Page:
I was whisked off at the weekend by a supportive gaggle of women (my mom and my aunts) to the Yeats Festival Weekend in Sligo. Alongside the deep poetic tradition in Sligo, my mother grew up just at the top of the Pearse Road on the edge of Sligo town. Days were spent climbing the walls of the graveyard and skipping endlessly in the yard of the National School. It was enchanting to see the view of Benbulben from the McCann childhood home and to think that my Mandolin was once there.
We spent Saturday morning and afternoon at Lisadell House and gardens. The event was opened by Senator David Norris, a totally charming and charismatic man. The gatherers were then treated to a host of Yeats poetry read by the famous faces of RTE. Although the RTE performers gave their all, and of course are wonderful public speakers, I did wonder why there were no poets reading at the opening ceremony in Lissadell. Afterall, there are hundreds of Irish poets - aren't those the people whose investment in the Irish poetic tradition is strongest? I also was pretty jaded after the sixth recital of The Lake Isle of Inishfree!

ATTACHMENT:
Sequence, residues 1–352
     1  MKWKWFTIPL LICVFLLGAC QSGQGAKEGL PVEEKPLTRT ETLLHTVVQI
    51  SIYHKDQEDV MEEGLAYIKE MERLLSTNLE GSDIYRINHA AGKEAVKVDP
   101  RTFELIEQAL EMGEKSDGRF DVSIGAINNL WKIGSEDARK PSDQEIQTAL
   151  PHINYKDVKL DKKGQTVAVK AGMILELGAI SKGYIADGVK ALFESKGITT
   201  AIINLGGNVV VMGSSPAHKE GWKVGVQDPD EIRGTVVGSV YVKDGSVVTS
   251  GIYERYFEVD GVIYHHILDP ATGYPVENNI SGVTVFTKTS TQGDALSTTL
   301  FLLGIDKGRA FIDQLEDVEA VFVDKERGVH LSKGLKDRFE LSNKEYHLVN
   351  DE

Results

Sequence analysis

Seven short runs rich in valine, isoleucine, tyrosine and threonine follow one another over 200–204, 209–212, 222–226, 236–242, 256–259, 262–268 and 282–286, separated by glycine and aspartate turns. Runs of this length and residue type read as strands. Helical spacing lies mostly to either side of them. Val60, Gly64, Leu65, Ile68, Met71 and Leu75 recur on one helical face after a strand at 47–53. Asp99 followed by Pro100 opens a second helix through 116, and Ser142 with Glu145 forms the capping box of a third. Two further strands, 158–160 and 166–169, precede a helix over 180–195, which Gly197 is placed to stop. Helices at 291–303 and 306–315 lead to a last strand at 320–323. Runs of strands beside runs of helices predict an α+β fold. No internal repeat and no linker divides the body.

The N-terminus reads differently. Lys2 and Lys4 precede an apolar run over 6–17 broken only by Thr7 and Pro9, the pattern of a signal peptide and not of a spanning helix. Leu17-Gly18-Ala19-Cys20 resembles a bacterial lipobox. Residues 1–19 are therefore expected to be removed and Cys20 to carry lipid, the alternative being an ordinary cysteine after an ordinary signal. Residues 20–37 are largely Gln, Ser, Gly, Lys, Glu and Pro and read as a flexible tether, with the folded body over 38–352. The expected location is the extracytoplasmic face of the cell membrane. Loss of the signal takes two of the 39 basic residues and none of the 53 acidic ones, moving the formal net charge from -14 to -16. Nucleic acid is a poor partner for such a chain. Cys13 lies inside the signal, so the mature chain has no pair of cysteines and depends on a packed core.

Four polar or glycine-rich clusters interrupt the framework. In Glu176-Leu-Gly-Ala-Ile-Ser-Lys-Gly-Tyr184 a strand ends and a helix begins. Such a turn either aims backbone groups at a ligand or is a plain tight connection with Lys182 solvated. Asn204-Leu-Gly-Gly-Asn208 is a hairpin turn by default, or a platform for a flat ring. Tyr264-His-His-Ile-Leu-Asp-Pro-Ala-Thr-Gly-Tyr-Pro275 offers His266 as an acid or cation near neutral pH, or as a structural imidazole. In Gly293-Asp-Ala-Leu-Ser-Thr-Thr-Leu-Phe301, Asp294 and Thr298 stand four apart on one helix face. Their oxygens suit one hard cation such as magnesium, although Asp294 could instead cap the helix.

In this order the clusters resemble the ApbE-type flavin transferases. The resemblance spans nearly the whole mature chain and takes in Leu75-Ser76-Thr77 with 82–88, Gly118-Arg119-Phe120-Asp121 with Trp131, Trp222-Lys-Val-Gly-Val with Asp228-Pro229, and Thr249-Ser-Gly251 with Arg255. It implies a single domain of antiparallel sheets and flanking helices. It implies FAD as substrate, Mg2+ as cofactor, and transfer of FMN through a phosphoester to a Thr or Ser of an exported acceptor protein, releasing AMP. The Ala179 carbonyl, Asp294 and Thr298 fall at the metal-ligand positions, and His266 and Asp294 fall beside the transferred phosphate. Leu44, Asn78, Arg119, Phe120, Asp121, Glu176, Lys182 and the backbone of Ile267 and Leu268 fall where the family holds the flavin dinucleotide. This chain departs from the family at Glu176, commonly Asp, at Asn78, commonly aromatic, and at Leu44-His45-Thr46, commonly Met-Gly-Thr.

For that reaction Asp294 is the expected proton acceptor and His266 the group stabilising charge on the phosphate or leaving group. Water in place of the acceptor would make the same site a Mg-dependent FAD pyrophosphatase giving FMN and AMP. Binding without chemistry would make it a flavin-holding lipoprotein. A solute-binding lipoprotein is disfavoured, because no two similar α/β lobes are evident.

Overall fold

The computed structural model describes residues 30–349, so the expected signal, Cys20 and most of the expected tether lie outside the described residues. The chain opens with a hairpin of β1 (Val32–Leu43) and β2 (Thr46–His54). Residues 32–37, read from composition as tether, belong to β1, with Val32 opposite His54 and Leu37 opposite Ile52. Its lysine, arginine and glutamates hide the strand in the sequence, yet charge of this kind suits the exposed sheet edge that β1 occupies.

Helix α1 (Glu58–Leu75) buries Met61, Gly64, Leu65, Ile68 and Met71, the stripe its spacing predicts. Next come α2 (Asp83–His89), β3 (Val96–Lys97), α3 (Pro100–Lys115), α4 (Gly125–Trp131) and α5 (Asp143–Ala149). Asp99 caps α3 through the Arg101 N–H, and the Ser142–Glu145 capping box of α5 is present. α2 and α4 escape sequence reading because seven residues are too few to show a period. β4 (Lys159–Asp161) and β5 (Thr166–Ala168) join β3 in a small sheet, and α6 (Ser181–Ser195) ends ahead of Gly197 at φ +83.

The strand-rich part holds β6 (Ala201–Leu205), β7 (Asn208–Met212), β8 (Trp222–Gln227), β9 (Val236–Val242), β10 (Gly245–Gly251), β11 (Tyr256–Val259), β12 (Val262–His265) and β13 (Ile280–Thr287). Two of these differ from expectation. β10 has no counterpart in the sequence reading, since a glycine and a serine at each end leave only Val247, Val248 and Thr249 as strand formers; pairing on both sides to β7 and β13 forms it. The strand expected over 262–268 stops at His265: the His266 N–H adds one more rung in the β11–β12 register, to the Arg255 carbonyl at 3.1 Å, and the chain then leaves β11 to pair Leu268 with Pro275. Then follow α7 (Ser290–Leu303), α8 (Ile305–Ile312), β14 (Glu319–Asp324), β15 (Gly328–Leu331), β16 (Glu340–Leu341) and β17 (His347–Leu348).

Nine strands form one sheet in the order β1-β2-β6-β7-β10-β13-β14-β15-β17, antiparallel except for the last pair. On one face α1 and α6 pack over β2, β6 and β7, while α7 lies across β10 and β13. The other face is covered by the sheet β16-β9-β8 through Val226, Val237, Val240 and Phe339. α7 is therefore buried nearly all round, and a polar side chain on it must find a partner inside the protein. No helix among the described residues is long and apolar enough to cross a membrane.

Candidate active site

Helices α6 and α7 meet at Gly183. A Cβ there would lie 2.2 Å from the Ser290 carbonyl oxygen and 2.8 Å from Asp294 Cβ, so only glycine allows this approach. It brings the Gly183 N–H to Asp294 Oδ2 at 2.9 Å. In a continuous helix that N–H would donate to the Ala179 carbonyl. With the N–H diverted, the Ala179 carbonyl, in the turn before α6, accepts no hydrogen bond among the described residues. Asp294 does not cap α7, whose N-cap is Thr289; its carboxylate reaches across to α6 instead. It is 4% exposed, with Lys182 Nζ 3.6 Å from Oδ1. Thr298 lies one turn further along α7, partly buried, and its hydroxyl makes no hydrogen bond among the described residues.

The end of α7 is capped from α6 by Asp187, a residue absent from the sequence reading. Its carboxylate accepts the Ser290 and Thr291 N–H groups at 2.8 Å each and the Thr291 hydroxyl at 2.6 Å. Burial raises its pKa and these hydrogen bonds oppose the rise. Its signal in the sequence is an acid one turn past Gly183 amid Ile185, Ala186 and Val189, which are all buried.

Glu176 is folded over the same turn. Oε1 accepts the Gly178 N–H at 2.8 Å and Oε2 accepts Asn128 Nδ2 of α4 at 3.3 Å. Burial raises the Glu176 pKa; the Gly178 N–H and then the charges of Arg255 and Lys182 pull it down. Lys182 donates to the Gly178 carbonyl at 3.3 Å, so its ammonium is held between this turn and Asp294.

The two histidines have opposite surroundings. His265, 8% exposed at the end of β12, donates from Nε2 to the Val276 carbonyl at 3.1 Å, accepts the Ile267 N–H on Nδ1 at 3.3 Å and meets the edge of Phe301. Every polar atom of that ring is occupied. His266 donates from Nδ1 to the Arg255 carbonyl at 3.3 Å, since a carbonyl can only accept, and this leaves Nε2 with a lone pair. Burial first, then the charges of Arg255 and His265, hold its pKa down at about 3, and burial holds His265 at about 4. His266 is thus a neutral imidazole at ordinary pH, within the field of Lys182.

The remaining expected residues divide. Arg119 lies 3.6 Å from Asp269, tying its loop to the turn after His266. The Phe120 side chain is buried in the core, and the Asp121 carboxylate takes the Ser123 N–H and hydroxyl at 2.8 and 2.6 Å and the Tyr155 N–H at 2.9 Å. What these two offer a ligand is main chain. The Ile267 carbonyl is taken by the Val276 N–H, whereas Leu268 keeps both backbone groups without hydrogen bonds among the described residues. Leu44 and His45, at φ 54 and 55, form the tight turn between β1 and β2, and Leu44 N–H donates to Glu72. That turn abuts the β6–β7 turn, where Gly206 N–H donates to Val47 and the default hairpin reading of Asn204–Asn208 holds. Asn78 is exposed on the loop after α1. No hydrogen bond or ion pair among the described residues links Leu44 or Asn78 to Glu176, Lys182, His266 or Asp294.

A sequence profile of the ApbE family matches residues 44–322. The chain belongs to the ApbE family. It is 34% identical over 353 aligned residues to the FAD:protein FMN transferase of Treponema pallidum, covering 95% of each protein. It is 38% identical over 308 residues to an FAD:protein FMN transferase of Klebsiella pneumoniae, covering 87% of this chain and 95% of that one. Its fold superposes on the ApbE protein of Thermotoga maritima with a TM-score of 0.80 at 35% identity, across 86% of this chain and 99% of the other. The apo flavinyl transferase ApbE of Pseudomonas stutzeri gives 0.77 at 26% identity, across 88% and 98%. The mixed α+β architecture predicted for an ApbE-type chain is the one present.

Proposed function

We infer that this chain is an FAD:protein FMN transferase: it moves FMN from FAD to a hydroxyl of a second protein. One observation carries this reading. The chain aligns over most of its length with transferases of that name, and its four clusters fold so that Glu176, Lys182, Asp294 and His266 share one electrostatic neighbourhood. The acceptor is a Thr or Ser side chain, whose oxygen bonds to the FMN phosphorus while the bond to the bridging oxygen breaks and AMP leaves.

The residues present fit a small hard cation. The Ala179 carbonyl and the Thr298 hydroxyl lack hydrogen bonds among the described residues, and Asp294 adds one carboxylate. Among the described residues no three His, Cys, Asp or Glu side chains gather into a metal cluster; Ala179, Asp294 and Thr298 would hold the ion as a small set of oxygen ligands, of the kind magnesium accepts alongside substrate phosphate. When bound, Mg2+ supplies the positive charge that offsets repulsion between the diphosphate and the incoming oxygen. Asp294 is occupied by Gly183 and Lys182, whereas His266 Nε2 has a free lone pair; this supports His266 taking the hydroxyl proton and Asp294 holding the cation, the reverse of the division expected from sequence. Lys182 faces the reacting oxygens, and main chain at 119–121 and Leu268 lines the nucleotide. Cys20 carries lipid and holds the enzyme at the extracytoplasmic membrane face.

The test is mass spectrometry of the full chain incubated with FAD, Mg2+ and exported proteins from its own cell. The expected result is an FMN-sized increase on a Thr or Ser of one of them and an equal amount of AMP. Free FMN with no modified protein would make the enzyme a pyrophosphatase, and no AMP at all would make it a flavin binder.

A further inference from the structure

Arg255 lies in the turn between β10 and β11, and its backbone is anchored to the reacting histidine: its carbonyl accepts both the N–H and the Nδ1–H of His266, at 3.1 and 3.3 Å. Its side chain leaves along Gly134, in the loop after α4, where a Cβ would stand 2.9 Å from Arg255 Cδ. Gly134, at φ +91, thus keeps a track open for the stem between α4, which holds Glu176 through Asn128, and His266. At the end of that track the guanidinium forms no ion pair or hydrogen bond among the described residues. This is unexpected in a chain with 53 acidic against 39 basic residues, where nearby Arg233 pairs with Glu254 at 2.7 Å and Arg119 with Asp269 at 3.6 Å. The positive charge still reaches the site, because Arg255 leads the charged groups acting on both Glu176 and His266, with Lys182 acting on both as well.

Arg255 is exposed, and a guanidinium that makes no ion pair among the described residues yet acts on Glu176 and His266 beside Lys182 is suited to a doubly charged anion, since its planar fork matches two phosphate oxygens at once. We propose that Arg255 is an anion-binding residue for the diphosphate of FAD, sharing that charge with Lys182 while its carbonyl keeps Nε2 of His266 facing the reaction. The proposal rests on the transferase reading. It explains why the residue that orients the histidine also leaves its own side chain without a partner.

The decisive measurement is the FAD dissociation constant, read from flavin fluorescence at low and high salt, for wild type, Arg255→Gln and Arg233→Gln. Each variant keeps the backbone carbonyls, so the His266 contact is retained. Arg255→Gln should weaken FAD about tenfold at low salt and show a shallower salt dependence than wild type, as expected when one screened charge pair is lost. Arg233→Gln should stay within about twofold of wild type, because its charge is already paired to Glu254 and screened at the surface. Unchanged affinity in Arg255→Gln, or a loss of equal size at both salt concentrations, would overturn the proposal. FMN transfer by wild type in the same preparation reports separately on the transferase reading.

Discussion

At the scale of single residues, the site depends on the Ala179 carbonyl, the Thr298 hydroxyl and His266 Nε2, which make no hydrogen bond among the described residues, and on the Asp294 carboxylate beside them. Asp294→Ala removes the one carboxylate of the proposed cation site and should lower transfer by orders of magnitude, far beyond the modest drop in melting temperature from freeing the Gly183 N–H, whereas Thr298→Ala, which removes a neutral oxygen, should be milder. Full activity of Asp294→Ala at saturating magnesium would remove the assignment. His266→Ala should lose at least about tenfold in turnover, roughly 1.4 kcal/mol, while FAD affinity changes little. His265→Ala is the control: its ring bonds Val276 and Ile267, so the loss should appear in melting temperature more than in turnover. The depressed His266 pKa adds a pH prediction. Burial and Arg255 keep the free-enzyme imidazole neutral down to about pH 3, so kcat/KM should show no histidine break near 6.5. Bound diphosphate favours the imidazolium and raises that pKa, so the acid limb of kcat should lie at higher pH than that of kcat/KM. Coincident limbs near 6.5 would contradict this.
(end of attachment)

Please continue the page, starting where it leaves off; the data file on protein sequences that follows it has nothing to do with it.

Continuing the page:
Luckily, I was able to secure last minute tickets to the Poet Laureate reading in Knocknaree Arena. That was a really interesting and well-organised event that paid respect and gave time to poetic talent, both new and old, and showcased some fantastic musicians. I saw Mary McPartland sing that night, and the previous night at the Candlelit Salon chaired by Vincent Woods. McPartland's voice has the ability to transport the mind to the places she sings of and beyond. Dr Margaret Harper is a well of knowledge on Yeats and her thoughts on his work were sharp and engaging. I have a feeling she will soon become an academic hero of mine.
But the Poet Laureates! I couldn't choose a favourite (especially because anytime Paula Meehan speaks it is my favourite thing I've ever heard - until the next time I hear her!). These poets spoke with power and poise. Sinéad Morrissey's voice has such texture. Her poem about the Moscow circus will stay with me. Carol Ann Duffy's reverse-chronology poem about knowing her mother in life and death was pure genius - the kind of poem that left me wondering how she wrote it. There were thought-provoking words on swans from Liz Lochhead, on countrywomen from Roscommon from Gillian Clarke, and on holy water vs. Bonjela from Aisling Fahey.
And as for Paula Meehan's trio of poems from her time in Leitrim during the 80s - I for one was still thinking about that dark face in the window.
I made it back to Dublin just in time to hit up Belvedere House to see Susan Howe. I simply have never seen someone read with such command and mystique. The sounds and the words she builds together are, for me, what poetry is - a movement through the mind to the thought behind the thought.
Last night, I was truly behind Susan Howe's thoughts and I hope to remain there.